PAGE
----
Beyond US shores
An election can bring a peculiar hiatus in a country's regard for ''others.'' It can generate a high-pressure zone of self-concern. This is true of an American nation that historically had been isolated by seas and blessed with its own vast internal resources and markets, and particularly in an American election culminating a political cycle in which charges of neo-isolationism, rearmament, decline in Washington pressure on human rights issues, disregard of the US budget deficit, and the strong dollar's international impact have been raised by America's partners. It is worth noting, too, in connection with the commanding reelection bid of an American Republican President who came into office with more of a traditional Democratic officeholder's preoccupation with domestic affairs. And in an election where national prosperity and ''feeling good'' were so dominant.
But there's a wider world beyond America's shores.
The world news of the closing days of the American campaign carried an arresting counterpoint to any nationalistic complacency. This is not to say that the United States should have a plan of action or think of itself as a participant in every other country's affairs. But it needs to keep the world context in fuller view.
In Poland, the murder of the Rev. Jerzy Popieluszko, a popular supporter of the Solidarity movement, begs the question of Polish government and Soviet complicity. It was a political murder. Whether Gen. Wojciech Jaruzelski's regime was a perpetrator or itself an intended victim, only time will tell. Like the political assassination of Philippine opposition leader Benigno Aquino in August of 1983, the Popieluszko case has generated a demand for an investigation in Poland. At the least, the Popieluszko slaying renews the Polish people's deep longing for social justice and political freedom.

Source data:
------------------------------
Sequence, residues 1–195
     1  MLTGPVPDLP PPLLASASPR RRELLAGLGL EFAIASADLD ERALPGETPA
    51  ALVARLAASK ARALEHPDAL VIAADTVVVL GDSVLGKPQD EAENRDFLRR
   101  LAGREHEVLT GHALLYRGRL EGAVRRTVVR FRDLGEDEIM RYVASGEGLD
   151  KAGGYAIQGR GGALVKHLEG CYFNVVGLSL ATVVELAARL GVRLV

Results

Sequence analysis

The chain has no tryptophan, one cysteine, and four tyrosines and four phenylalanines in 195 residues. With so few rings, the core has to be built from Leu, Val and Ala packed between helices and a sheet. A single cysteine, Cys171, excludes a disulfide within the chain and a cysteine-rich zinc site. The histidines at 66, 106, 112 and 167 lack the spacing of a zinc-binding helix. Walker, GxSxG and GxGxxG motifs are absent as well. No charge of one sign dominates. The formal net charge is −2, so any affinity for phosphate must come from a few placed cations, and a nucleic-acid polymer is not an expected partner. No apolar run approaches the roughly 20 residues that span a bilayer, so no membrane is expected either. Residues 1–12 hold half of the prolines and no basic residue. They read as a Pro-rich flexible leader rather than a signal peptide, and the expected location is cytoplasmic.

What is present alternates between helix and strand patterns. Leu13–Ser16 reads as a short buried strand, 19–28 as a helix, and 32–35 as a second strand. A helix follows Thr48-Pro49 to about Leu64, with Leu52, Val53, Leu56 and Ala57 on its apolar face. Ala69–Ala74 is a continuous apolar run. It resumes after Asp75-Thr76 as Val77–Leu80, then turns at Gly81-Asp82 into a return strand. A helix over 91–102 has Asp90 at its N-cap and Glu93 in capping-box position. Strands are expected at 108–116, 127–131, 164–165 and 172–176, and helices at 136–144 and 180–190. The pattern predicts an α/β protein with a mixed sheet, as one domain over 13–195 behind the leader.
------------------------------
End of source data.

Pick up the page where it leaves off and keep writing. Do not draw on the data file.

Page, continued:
India's complex and volatile society responded encouragingly, on balance, to Indira Gandhi's untimely end. Despite a violent emotional backlash, India's democratic fabric has held, at least initially, through the succession of Mrs. Gandhi's son Rajiv. Ahead lie new elections, a testing of factional strength, the challenge of Sikh independence, and the twin courtships of Washington and Moscow for influence.
In South Africa, black antigovernment protesters in townships ringing Johannesburg and Pretoria draw tear gas and buckshot fire from police - reminders of the nonwhites' ongoing struggle against apartheid. In Chile, the resignation of President Augusto Pinochet's Cabinet after renewed street protests may presage a tighter crackdown on political dissent by the military government.
In the Middle East, stirrings in the Arab world are not perceived with precision. The Israeli occupation of southern Lebanon feeds the radicalization of Israel's opponents. At the same time, adjustments within the Arab world itself may have to occur to prepare the way for resolving the West Bank conflict , as Israel grapples with its economic crisis by austerity moves and confronts the issue of Jewish terrorism and repression against Arabs within its democratic society. In his recent sharply critical appraisal of the Reagan administration's Middle East initiatives, the current US ambassador there was only recording a more widely held view: A new administration will have to start from near the beginning to promote a positive influence in the Middle East.
On a more personal level, Svetlana Alliluyeva's poignant odyssey - which began with the defection of Stalin's only surviving child from the Soviet Union 17 years ago, her uneasy attempt to find peace in marriage and residence in the United States and England, and her return with her own daughter to the Soviet Union - is but a more celebrated version of millions of people's unrequited longing for a homeland. One can only hope the suspension she must feel between the Soviet Union's repressive past and the desire of the people there to get on with the private business of family, of friendships and the passage of seasons, will find some resolution.
From most preelection indications, foreign affairs played a minor role in the shaping of this year's American campaign. Now that the balloting is behind, a reminder of America's place in a larger world society is in order.